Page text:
On the brokerage market, Raphael Sauleau, CEO of Fraser Yachts describes a dramatic year – with a happy outcome. When the virus first hit, he says, “We all went into a very quiet mode, and I think I can speak for the yachting industry when I say everything stopped. We thought ‘oh, boy – that's what it’s going to be in 2020’.”

“Then, when the lockdowns were initially lifted around spring, the sky became clearer again,” says Sauleau. It started with a trickle, but soon started to snowball. “On the sales front especially we saw a clear increase starting from June, to the extent that in June, July, August and September we doubled the number of sales as an industry, versus 2019.”

Daryl Wakefield, president of US yard Westport Yachts, says that the company’s 112 series remains as popular as ever.

Patrick Coote, chief marketing officer and head of Europe at brokerage house Northrop & Johnson, also saw a steady flow of new buyers coming onto the market in 2020. These clients tend to start by acquiring smaller yachts, and thus sales of 24- to 35-metre vessels have been particularly strong – though demand for large sailing yachts has also surged, leading to a lack of available stock, he says.

To an extent, the crisis appears to have galvanised cash-rich would-be buyers, Coote asserts. “We’ve seen strong interest in sales across all size ranges,” he says. “Clients are aware that this situation won’t last forever and the pandemic seems to have triggered something of a ‘carpe diem’ approach. A yacht is a fun and safe way to create great memories. The pandemic has highlighted that life can be uncertain and so buyers who’ve been contemplating a purchase for a while are thinking ‘if not now, when?’.”

Sauleau reads the situation in a similar way, “The pandemic is pushing people to maybe rethink their life or re- reprioritise and say, ‘You know what? We need to enjoy life. We’ve wanted to own a yacht for so many years – maybe it's the time.’ I think that for whoever has the means, that the pandemic triggered something, and they just decided to go ahead.”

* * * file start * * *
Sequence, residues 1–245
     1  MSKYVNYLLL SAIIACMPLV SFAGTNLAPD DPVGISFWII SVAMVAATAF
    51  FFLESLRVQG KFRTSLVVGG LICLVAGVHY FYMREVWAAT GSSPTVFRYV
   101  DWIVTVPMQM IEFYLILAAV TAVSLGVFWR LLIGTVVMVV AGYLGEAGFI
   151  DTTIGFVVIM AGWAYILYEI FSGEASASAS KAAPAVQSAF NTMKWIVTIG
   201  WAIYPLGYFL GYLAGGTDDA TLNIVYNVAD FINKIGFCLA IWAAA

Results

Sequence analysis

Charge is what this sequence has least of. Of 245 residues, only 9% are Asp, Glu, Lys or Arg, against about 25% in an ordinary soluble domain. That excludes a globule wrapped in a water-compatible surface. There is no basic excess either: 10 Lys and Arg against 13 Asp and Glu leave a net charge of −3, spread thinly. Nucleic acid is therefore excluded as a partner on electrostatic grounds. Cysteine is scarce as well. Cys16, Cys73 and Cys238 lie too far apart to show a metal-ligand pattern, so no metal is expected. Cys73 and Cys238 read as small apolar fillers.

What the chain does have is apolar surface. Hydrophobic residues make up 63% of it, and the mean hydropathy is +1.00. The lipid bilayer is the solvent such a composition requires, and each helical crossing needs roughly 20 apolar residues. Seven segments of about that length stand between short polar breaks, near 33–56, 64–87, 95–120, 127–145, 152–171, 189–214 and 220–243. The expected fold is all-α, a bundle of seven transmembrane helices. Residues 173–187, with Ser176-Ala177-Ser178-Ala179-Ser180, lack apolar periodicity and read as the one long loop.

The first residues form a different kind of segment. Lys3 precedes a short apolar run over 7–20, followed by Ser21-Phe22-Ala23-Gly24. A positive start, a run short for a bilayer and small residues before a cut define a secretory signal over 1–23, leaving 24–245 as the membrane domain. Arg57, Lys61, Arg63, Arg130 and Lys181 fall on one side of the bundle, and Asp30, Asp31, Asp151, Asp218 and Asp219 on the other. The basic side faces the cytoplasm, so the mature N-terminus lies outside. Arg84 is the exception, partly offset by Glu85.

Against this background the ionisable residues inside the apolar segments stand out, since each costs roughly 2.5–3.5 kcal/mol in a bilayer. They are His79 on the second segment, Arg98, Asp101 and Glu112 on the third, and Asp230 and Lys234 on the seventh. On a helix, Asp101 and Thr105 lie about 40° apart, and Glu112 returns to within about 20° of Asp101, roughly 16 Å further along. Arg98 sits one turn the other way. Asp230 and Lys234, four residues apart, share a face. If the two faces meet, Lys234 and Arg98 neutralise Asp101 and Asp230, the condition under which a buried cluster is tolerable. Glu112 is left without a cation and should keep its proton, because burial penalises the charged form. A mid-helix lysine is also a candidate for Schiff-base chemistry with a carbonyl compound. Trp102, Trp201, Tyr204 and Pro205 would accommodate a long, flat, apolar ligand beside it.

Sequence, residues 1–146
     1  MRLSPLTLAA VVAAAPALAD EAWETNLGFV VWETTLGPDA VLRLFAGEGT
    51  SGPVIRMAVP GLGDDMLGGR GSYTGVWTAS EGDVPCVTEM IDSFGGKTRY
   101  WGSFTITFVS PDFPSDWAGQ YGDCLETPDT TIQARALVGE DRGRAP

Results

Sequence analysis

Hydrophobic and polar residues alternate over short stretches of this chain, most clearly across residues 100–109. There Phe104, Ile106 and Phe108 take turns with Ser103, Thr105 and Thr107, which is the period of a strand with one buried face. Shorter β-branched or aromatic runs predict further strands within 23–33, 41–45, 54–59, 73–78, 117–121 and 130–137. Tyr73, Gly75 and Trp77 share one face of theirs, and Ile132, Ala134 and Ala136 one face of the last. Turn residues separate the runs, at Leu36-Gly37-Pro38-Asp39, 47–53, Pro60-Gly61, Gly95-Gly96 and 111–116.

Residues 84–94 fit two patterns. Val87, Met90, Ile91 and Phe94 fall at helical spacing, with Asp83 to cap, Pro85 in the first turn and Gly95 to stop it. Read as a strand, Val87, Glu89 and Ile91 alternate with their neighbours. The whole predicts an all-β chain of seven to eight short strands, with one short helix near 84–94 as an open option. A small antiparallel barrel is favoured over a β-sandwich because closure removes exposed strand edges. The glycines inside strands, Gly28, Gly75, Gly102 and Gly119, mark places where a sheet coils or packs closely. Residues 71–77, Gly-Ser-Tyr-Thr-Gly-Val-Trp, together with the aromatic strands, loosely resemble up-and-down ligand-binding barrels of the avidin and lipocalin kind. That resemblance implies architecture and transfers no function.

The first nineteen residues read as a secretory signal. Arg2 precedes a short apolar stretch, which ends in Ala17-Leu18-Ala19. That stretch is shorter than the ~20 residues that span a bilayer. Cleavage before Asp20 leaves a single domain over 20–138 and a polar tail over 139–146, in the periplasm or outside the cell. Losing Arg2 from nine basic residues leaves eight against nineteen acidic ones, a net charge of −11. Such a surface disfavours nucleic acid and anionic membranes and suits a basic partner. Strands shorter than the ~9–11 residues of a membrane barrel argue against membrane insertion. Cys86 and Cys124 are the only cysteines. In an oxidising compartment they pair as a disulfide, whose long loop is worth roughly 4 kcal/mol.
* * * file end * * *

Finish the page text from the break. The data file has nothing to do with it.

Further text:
By the end of the year things were so good, says Sauleau, that, “2020 was the best year ever in the sale of second-hand boats over 24 metres. If somebody had told me that in March, I'd have said it's not possible.”

Shipyards have responded to the problems posed by the pandemic in a number of ways.
Image courtesy of Guillaume Plisson

Nonetheless, some parts of the industry have been hit hard. The first area of the industry to go down was charter, says Sauleau, as lockdowns and restrictions on movements nixed clients’ plans. “The phone started ringing for cancellations or postponements,” he recalls.

Northrop & Johnson expects a 30 per cent drop in charter revenues due to restrictions on travel. This has had a major impact not only on owners who lease their boats, but also on brokers, managers, crew, agents and provisioners. Demand has dried up from the US, the world’s largest yacht charter market, as well as important markets such as Australia due to travel constraints.

But Sauleau says charter brokers were extremely reactive. They added addendums to contracts so both owner and client felt safe, or rebooked charters to 2021. He also notes that demand did return alongside sales in the spring, albeit not to the same extent.

“Charter was a little slower, not because we didn't get any enquiries, but because there was nowhere to go,” he says. “If we can reopen the world by spring, I foresee a strong demand in charter. Now what we face in 2021 is a possible lack of inventory, because we postponed a lot of charters from last year, so many boats are going to be busy with last year’s bookings. That may be a challenge, but it’s a good challenge.”

Fort Lauderdale International Boat Show was one of the few yachting events to go ahead this year.